9 Essential Practices To Help You Cultivate More Peace In Your Life

Khánh Hmoong
Khánh Hmoong

1. Practice mindfulness at least once a day

When my mind is spinning in circles and I can’t seem to grab a thought from it, I gently force myself to focus in on one task, if only for two to five minutes. I will wash the dishes and focus only on washing the dishes. Or, I will cook for myself off a new recipe, which requires my full concentration, so that I’m not tempted to let my mind string out. Sometimes it requires even more effort than just the dishes, so I will put on a song and dance in my underwear and singularly push myself to be in that moment only. (Yes, dancing in your underwear is a sacrificial practice towards peace, at least, it is if you damn well want it to be!)

2. Commit to a meditation practice that works for you

When I first started meditating, I could not shut my brain off for longer than a minute. A minute! I used to set my phone alarm for five minutes and would check the timer every thirty seconds hoping that I’d miraculously been in silent meditation for five minutes. In order to commit to the practice, I tried many different things, such as listening to vibrational tones (yes, I realize that sounds fucking ridiculous, but it worked), counting my inhales and exhales, repeating a mantra over and over, until I could simply sit and empty my brain. If you’re new to meditation, set your alarm for two minutes and just count your breath or repeat a mantra. Don’t judge yourself. There will be a moment in your continued practice when you will feel uncharacteristically at ease during a meditation and you will be hooked for the rest of your damn life and you will come back to me and be like, thank you, thank you, thank you, my crazy brain chills the eff out for five minutes a day and it is a miracle.

3. Learn to listen and observe without judgment

When I find myself judging someone else for their decisions, there’s this frantic, chaotic, forceful energy that builds up inside of me. Have you ever noticed that? That someone’s decision that has nothing to do with you can cause you to have this visceral reaction? That reaction, right there, is the opposite of peace. It is the opposite of loving. We judge to preserve our own identities and, when someone chooses another path, we feel threatened. But, there’s nothing threatening about it; it is simply fear being played out. Challenge yourself to listen open-heartedly and to reserve judgment. (It’s not an easy thing to do, because we are conditioned to judge and compare ourselves to each other, but even becoming aware of the tendency to do so will help you to tamper that initial desire to judge.)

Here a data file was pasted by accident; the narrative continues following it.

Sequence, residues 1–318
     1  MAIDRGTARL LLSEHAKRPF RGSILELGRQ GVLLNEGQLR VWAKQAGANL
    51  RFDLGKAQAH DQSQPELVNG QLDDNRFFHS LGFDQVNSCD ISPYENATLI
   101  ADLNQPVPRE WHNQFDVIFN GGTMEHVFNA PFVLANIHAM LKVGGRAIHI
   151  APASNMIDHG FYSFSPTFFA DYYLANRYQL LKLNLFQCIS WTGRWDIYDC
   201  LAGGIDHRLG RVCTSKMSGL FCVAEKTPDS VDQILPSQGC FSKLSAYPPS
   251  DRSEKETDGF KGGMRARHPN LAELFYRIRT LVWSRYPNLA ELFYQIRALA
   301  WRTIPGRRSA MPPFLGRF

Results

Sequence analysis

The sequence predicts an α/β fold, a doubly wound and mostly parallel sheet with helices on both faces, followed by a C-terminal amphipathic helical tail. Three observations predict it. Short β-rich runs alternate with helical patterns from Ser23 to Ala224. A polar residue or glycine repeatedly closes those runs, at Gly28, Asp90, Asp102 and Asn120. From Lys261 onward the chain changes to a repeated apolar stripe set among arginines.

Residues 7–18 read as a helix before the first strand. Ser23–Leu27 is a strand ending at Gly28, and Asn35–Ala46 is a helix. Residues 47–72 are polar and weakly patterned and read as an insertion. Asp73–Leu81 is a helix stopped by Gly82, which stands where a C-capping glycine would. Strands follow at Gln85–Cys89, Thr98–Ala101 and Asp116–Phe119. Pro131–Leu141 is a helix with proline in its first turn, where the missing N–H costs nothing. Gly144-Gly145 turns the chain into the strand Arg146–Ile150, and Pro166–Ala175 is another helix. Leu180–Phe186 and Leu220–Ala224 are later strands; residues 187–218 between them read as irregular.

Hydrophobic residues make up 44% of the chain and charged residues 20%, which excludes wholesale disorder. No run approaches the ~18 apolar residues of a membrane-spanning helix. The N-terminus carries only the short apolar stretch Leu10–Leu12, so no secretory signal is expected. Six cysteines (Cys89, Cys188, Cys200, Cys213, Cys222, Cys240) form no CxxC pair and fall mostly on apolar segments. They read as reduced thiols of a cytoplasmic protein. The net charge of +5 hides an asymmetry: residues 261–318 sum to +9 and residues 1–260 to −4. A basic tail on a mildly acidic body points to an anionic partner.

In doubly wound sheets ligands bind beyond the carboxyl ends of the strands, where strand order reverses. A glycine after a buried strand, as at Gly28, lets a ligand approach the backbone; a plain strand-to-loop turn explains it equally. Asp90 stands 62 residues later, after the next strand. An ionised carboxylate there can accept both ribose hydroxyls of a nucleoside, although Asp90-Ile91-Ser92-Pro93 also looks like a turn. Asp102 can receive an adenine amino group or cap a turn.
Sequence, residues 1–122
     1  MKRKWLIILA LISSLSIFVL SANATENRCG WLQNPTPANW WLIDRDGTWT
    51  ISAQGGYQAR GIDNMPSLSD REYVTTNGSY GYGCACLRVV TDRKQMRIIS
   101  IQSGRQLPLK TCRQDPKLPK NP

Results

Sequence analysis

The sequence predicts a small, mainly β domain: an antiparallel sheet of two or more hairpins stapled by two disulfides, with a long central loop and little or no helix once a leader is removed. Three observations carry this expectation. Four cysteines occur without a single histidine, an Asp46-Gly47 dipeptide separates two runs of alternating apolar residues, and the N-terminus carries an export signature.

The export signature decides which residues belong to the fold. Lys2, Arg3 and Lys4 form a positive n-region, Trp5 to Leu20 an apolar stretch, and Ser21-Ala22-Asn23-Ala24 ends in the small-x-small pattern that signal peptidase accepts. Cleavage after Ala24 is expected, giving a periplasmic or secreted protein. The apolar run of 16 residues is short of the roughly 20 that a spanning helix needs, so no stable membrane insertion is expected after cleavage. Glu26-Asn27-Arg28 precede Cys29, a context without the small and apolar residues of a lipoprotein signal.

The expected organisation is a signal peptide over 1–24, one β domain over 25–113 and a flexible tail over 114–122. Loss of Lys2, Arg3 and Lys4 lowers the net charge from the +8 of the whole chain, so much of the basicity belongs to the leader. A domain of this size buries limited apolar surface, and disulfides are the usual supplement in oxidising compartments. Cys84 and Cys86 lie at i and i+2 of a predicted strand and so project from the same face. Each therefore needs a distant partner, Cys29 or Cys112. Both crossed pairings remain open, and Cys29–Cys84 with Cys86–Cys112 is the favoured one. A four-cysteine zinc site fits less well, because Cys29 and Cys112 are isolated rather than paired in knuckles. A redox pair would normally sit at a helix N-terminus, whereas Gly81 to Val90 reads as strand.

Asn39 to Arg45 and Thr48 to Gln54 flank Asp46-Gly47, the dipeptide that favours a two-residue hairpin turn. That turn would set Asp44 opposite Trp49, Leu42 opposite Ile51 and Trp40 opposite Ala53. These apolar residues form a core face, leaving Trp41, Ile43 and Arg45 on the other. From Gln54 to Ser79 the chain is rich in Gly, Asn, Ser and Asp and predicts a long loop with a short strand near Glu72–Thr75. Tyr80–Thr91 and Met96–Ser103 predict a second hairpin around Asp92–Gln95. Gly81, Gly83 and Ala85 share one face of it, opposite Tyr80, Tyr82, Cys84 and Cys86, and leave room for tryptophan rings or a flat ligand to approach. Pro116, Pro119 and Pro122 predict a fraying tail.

4. Practice unwavering kindness toward yourself

The other day, I noticed that I had a running barrage of shit-talk going on in my brain and all of this shit-talk was directed at myself. Every compliment I received was filtered through to somehow become a pointed insult. Every good thing I thought about myself was diminished by the time it was distilled down. I realized, man, I’m an asshole to myself and, while I had committed to compassion toward others, I had somehow forgotten to extend that compassion toward myself. I can tell you from personal experience that it’s difficult to be kind and loving toward others when you are filled with an unending shitstream of self-loathing. So, realizing this assholeness, I have been steadfastly catching every single thought that goes through my mind and asking myself whether or not it’s kind and compassionate and, unsurprisingly, the amount of unkind thoughts have lessened. It’s exhausting to have to be so acutely aware of every thought, but it is necessary, because the peace I feel only after a few days of doing this is worth the time and energy it takes to stalk my thoughts like a crazy person.

5. Stop yourself from ascribing meaning to your feelings or reactions